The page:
Antibiotic resistance and rising temperature may be associated


An increase in temperature and increasing resistance to antibiotics may be related, according to a new analysis.

A study published in the journal Eurosurveillance between 2000 and 2016 didn’t establish a causal relationship between the two health threats, but the results suggest that rising average temperatures support the growth of antibiotic-resistant bacteria.

The researchers, led by Mauricio Santillana and Sarah McGough, analyzed data from more than four million patients in 28 European countries in the Boston Children’s Hospital Health Informatics Program, according to the science-educational news portal.

They examined how the antibiotic resistance of three common bacteria (Escherichia coli, Klebsiella pneumoniae, and Staphylococcus aureus) changed over time. Data on temperature values ​​in the countries were also collected from European and American sources.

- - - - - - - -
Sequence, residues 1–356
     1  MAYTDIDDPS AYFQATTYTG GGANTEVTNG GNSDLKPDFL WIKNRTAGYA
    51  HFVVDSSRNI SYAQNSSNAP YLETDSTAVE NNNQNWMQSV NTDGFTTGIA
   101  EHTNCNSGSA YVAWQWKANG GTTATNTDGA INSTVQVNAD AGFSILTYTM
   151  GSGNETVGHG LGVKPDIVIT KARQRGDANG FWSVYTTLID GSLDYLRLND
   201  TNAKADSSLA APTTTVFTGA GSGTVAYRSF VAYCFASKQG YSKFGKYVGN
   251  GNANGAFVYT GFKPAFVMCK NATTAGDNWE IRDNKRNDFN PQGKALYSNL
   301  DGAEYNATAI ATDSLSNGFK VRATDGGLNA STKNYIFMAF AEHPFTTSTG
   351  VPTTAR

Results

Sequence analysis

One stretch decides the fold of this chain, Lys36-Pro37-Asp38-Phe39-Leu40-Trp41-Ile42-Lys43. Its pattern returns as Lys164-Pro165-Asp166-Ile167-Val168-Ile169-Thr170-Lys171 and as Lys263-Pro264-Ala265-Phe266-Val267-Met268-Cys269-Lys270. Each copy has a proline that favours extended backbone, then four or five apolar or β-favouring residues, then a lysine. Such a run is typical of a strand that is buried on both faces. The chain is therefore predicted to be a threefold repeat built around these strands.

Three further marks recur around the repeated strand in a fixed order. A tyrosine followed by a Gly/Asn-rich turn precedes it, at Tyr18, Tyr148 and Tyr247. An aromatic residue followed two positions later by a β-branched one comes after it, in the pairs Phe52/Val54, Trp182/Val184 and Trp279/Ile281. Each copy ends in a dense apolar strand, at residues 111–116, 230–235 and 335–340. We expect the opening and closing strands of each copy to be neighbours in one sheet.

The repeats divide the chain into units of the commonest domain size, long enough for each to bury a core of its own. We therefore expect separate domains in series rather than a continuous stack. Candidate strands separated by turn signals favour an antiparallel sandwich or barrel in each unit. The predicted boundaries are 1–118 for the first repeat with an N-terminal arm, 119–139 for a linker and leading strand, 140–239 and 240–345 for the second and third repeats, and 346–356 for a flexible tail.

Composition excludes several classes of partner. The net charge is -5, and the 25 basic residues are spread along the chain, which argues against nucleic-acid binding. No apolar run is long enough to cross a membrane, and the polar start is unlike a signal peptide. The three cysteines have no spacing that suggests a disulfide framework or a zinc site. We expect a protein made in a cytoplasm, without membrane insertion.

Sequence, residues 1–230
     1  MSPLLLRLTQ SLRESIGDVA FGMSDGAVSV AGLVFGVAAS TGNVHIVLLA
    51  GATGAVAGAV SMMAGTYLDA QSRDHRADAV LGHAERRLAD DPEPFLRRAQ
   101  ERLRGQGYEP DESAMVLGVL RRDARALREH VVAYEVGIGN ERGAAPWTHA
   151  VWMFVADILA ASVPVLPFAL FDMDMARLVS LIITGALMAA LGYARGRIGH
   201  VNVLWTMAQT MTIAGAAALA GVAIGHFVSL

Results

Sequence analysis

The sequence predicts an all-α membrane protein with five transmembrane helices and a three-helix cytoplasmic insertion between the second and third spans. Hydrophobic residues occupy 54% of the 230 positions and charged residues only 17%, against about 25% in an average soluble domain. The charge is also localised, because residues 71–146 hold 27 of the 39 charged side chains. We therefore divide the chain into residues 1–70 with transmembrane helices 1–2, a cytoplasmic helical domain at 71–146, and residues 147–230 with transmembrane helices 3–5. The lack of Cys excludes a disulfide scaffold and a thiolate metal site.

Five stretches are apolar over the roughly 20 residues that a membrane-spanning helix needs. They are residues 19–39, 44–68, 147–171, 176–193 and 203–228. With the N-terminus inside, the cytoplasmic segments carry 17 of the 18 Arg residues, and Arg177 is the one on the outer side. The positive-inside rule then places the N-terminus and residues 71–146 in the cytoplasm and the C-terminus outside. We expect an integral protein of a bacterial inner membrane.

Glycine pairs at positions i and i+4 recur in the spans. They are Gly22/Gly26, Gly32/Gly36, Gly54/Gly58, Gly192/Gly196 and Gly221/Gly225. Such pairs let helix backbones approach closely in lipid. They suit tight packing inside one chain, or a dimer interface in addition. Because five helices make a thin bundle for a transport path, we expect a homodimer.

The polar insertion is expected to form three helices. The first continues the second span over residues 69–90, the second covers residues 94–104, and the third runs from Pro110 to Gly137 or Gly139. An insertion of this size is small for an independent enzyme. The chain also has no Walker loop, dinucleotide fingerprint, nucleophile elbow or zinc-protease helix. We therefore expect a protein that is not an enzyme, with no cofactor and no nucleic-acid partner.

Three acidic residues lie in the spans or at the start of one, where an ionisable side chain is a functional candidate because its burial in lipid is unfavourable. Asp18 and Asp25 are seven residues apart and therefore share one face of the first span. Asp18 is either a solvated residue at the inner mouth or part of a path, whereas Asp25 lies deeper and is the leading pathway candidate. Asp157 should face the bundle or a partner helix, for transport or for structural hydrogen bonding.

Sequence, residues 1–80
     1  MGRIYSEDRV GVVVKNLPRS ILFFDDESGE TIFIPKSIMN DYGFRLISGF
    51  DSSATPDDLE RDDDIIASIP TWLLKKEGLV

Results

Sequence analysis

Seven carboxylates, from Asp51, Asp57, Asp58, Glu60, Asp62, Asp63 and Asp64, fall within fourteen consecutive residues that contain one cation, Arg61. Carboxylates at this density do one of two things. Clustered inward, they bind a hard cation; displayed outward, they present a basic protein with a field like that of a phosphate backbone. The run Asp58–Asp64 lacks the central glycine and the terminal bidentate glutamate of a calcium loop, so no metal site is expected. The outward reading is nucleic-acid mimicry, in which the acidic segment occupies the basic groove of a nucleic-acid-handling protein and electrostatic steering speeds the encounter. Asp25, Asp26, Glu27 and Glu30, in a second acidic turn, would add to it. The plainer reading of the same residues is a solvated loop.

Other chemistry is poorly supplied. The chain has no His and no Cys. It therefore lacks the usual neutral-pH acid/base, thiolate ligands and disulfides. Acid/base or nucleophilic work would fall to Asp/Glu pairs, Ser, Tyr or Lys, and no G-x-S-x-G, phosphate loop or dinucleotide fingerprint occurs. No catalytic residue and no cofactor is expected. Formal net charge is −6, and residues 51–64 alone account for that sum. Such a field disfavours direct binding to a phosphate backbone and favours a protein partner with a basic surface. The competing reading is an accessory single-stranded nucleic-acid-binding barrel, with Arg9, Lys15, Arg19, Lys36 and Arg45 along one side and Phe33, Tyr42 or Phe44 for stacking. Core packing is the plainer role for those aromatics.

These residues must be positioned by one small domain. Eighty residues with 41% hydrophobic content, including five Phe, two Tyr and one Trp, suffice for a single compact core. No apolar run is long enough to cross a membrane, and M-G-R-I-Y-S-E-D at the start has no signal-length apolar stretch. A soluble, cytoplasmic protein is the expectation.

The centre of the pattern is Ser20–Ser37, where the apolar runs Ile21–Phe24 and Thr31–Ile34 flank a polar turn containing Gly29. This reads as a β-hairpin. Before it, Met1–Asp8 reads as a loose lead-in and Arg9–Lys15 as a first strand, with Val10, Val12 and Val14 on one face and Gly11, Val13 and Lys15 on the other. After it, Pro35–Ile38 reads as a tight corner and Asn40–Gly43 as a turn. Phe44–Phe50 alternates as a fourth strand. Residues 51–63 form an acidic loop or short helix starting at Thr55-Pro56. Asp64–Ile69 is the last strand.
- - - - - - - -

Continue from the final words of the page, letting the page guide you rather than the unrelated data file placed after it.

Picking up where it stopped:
“Our study is the first to show that in European countries with higher minimum temperatures, there have been several marked increases in antibiotic resistance over the 17 years studied,” said Santillana, who also works at Harvard University’s Faculty of Medicine and Public Health.

Based on the results, antibiotic resistance increased faster in those southern European countries – Spain, Portugal, Romania, Italy, whose minimum temperature values ​​were 10 degrees higher than in the north, including Sweden, Finland, Norway.

Growth ranged from 0.33 to 1.2 percent per year in the countries, taking into account population density and the different antibiotic use in each country.

The relationship was true for all four classes of antibiotics and for two of the three bacteria analyzed. In the case of S. aureus, resistance has declined, which scientists attribute to efforts across Europe to curb methicillin-resistant S. aureus or MRSA.

The researchers acknowledged that both temperature and resistance may have increased independently, but a correlation is also possible. Laboratory experiments have shown, for example, that bacteria multiply better under warmer conditions, which can promote the spread of resistant strains. Other studies have suggested that higher temperatures favor the transfer of antibiotic-resistant genes between bacteria.

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